Marble violin, photo: CTK

The violin that's different from all others but still makes sweet music. Record breakers on the Old Town Square and the man who fell asleep at a rail crossing waiting for the train to pass.Find out more in Magazine with Daniela Lazarova.

Miroslav Helebrant drinks raw eggs,  photo: CTK
We begin with a quick look back at what happened on the Old Town Square over the Easter weekend. All those who joined the egg drinking competition will not want to see an egg for a long time. How many raw eggs could you consume -in one go? The winner of this years contest was a young man - Miroslav Helebrant - who downed 30 eggs in just 38 seconds. Have you ever heard the old Czech saying that "Every Czech is a musician at heart"? If not you should have been on the Old Town Square this weekend. You would have seen a 15 year old Czech boy who can play 28 different musical instruments - and whose father can play 3,000 compositions by heart on the piano. And finally visitors to the square could admire a wooden Easter egg made of matchsticks and different colour matchstick heads. How many would you need? Simple: 4877 matchsticks and 9988 matchstick heads. Oh, and 674 hours to spare. By the way there was plenty more to be seen - as there is each year - and it may interest you to know that unless these records are edible - they do not disappear. You will find them at the Pelhrimov Museum of Curiosities.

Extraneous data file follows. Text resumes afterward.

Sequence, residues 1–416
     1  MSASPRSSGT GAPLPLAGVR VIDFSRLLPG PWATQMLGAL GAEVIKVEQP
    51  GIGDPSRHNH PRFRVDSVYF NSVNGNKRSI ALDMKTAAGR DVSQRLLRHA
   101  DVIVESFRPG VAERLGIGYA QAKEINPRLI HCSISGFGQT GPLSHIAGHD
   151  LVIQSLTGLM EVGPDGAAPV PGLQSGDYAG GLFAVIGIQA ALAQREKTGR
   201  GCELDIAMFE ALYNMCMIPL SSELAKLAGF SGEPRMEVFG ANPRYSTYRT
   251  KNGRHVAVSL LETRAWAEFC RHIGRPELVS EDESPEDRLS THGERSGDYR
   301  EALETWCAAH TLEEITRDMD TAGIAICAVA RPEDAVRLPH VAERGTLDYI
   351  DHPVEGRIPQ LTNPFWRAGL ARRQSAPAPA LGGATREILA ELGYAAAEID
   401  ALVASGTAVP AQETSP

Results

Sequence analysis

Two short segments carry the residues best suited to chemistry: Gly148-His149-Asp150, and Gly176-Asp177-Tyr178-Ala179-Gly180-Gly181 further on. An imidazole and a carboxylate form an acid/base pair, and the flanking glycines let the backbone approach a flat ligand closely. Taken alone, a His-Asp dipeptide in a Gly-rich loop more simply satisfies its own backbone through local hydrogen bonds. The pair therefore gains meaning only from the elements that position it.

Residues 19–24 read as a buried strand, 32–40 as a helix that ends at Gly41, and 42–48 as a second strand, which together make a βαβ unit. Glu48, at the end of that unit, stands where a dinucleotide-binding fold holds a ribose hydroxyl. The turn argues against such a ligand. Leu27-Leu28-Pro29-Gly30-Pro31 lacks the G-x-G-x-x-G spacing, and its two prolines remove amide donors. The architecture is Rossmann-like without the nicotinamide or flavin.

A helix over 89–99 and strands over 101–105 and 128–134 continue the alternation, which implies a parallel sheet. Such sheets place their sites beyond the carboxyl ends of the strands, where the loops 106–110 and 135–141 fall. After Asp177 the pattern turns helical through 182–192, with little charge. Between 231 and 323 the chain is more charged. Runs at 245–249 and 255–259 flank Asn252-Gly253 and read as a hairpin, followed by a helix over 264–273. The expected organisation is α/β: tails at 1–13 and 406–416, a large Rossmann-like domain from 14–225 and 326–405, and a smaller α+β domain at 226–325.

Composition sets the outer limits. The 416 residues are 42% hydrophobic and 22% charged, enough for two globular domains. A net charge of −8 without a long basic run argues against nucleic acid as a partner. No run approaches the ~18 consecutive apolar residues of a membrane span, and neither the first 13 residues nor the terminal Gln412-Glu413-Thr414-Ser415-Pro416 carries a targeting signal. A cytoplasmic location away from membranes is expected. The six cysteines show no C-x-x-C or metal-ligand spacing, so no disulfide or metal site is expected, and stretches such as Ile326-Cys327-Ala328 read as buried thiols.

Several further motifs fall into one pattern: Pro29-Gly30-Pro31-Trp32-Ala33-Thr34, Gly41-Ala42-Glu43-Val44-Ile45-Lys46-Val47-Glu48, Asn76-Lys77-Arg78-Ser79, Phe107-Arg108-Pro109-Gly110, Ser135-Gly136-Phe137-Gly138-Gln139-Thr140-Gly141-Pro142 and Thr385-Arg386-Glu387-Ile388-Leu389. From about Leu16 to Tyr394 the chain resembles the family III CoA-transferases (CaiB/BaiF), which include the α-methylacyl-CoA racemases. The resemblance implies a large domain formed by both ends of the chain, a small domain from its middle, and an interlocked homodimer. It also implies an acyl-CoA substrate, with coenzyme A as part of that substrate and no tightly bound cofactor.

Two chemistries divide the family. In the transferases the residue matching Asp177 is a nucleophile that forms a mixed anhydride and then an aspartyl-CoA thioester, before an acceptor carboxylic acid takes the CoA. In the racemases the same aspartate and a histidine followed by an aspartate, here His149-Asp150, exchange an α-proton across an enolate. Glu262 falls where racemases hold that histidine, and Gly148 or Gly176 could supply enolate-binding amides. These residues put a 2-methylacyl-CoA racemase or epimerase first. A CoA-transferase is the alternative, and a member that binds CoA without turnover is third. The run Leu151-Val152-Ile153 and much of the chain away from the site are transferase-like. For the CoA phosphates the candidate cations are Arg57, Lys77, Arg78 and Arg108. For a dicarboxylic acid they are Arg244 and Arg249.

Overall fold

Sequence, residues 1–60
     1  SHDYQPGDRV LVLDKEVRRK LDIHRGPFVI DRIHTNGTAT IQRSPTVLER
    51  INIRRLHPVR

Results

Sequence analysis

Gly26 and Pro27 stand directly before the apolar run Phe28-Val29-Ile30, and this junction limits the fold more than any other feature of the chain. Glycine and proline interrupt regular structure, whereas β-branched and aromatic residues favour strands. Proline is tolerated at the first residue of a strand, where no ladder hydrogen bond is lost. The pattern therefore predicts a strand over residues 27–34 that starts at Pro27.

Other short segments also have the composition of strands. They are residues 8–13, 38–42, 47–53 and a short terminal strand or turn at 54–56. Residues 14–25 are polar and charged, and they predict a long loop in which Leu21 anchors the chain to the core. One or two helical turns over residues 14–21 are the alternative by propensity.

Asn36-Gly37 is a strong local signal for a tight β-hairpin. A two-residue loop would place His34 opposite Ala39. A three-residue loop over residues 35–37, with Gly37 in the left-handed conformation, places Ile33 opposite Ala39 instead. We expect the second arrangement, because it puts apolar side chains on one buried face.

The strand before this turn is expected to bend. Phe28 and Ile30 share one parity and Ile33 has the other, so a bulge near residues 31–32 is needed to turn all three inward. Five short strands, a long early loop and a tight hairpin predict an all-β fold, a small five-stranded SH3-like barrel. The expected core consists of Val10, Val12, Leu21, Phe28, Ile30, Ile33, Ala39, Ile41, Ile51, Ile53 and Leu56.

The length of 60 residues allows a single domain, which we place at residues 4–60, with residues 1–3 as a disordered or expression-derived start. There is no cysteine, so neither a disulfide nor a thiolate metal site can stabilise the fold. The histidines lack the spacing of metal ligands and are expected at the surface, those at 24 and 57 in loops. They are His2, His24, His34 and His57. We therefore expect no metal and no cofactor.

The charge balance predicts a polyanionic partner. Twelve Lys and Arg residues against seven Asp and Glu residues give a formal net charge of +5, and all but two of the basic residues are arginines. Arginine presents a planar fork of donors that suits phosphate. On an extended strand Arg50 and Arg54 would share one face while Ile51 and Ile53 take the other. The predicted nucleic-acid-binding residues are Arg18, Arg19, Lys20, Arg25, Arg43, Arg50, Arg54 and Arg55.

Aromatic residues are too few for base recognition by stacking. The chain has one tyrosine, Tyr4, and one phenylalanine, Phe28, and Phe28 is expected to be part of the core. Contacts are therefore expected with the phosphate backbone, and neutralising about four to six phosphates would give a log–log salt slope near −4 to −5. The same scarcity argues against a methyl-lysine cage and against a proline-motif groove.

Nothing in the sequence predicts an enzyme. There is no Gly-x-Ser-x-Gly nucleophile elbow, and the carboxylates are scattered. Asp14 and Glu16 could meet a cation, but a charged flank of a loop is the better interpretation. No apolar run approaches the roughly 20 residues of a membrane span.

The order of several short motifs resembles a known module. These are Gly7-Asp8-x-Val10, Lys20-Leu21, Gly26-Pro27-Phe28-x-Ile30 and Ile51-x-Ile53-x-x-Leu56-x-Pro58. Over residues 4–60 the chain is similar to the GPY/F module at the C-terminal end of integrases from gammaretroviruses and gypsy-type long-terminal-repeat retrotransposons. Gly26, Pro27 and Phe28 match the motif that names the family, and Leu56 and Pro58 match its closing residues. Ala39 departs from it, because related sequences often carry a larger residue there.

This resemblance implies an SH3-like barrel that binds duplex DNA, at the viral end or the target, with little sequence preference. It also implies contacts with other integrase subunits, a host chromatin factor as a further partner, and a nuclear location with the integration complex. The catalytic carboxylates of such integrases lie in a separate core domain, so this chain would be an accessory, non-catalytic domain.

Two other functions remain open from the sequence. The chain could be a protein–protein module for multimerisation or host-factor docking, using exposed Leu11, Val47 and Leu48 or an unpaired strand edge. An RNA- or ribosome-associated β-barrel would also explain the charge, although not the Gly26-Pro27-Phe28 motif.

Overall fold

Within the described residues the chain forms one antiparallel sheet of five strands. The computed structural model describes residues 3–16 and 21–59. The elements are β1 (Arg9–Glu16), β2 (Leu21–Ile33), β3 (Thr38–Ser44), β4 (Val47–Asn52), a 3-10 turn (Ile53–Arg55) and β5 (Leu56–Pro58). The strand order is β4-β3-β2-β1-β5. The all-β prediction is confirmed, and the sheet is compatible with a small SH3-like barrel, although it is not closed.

Marble violin,  photo: CTK
The Prague Museum boasts a most unusual exhibit - a marble violin which is perfectly capable of making sweet music. The marble violin was a gift from Czech sculptor Jan Rericha who produced this unique musical instrument within the space of a fortnight. The man who brought the three and a half kilo violin to life was none other than Czech violin virtuoso Jaroslav Sveceny. And of course I realize you have to hear this to believe it -so here's what the famous marble violin sounds like : Violin.....

And what does playing a marble violin feel like?

"It's a very special feeling. I am still getting the feel of the instrument, because it is quite a new experience. I even have to be careful how I stand because if I were to lean forward I might well topple over. One learns all the time. I hope that one day I will be able to invite you to a marble violin concert and that someone will compose some fine music for this beauty. I would readily accept the challenge because a marble violin has its own characteristic sound which is different from that of a wooden instrument. This violin won't bring the house down or shatter glass but it brings me much delight to play it - it is an instrument you want to be left alone to play just for your own pleasure. "

The violin, which has made the Guinness Book of Records is made of green and white marble, with regular strings and wooden pegs. In some parts the marble is three millimetres thin -which is what makes the sound so good. Jaroslav Sveceny again :